Sunday, July 5, 2020

Avgolemono (Egg & Lemon) Soup with Pearled Couscous for Soup (Soup, Salad & Sammie) Sundays

This is not the soup I intended to make today but life got in the way of soup making and I switched to a quicker recipe, this variation of Greek Avgolemono Soup from Mark Bittman. It made the most of local eggs and locally-grown lemons, dill and a carrot. 

I was most intrigued about using a blender to "froth" the egg, certainly a nontraditional take on this classic soup. My other changes based on what I had on hand are in red below. 


Avgolemono Soup
Adapted from How to Cook Everything by Mark Bittman via Woman'sDay.com
Serves 4 

6 cups chicken stock (or non-chicken stock)
1 medium carrot, thinly-sliced
1 celery stalk, minced
1/2 cup orzo (I used pearled/Israeli couscous)
2 cups chopped chicken (I omitted & added a can of chickpeas, drained & rinsed)
2 large eggs
3 tbsp lemon juice, or to taste
(I added 1 1/2 tsp fresh dill)
salt and pepper

Bring 6 cups of broth to a near boil in a large soup pot, then turn down until it's just bubbling. Ass carrot and celery and cook about 10 minutes, until vegetables are getting tender. Add 1/2 cup orzo (or couscous or other small pasta shape) and cook until pasta is tender, another 8-10 minutes. Add 2 cups chopped cooked chicken if using, or chickpeas and add the dill. Season with salt and pepper.



Meanwhile, put eggs into blender and blend briefly. Add 3 tablespoons lemon juice and pulse again. Then, with the blender running, slowly add two cups of the soup (moslty broth) and blend until it is frothy and creamy looking. Pour it back in to the pot with the rest of the soup and heat for a couple of minutes without boiling. Taste and add additional salt, pepper and lemon juice as desired. Serve and enjoy.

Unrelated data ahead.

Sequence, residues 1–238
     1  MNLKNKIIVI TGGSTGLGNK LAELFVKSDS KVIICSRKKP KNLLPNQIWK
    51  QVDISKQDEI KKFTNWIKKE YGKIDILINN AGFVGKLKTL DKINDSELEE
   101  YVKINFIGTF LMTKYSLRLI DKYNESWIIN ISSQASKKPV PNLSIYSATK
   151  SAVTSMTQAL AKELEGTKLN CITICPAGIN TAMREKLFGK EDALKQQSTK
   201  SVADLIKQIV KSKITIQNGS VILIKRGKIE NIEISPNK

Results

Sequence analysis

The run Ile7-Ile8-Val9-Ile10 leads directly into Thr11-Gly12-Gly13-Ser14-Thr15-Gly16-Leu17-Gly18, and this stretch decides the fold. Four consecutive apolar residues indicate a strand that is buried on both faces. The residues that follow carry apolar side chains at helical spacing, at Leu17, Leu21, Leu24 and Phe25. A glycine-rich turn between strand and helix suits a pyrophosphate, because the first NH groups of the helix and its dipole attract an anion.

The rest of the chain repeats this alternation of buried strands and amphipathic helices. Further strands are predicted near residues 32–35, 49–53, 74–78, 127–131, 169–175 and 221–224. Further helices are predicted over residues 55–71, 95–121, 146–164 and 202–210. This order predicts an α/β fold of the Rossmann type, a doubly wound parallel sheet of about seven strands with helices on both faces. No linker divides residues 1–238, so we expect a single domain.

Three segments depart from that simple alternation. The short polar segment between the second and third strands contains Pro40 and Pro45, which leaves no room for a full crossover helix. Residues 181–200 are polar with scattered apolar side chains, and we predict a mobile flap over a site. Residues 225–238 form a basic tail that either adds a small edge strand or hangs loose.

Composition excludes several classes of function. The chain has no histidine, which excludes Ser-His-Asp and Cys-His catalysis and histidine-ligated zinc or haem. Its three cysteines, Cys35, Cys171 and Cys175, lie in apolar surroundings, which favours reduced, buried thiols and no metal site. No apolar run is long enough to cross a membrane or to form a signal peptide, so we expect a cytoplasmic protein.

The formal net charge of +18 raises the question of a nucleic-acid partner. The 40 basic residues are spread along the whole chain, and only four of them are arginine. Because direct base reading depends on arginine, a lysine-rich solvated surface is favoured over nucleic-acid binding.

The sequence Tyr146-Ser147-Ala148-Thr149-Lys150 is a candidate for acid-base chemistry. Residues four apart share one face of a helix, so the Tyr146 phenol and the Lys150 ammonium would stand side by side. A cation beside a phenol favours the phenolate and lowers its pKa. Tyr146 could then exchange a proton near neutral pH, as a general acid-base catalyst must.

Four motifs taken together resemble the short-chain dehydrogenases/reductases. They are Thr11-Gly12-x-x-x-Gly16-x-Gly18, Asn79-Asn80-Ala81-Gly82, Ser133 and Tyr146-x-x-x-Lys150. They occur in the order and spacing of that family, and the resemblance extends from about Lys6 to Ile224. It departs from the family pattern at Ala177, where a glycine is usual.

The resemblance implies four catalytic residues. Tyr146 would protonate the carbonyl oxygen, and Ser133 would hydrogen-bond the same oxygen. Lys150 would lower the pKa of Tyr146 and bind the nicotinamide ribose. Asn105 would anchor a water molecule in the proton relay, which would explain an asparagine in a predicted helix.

Notes/Results: A quick and simple soup that is comforting and light with lemony goodness. I'm not sure the looks were improved by using the blender to blend and froth the lemon-egg mixture but it was quick and easy to do and once the froth had settled in the bowl, it looked better (at least to me!). I liked the pearled couscous, although rice or any small pasta shape would work as well. The lemon flavor of the soup makes it light for the summer and warmer weather. I'd happily make it again. 


Linking up to I Heart Cooking Clubs where we are celebrating Farmers Market and Local Produce this week.

Let's see who is here in the Souper Sundays kitchen this week:

Shaheen of Allotment2Kitchen brought Broccoli and Ginger Soup this week saying, "I had planned to make a bookmarked Broccoli and Ginger Soup, but instead found myself adapting the last Broccoli Soup recipe that I shared on the blog.  ... Though it does not look that exciting,  i felt nourished. it felt healing to eat. I loved the ginger and it warmed my throat with its natural fire and the blended greens was goodness in a bowl."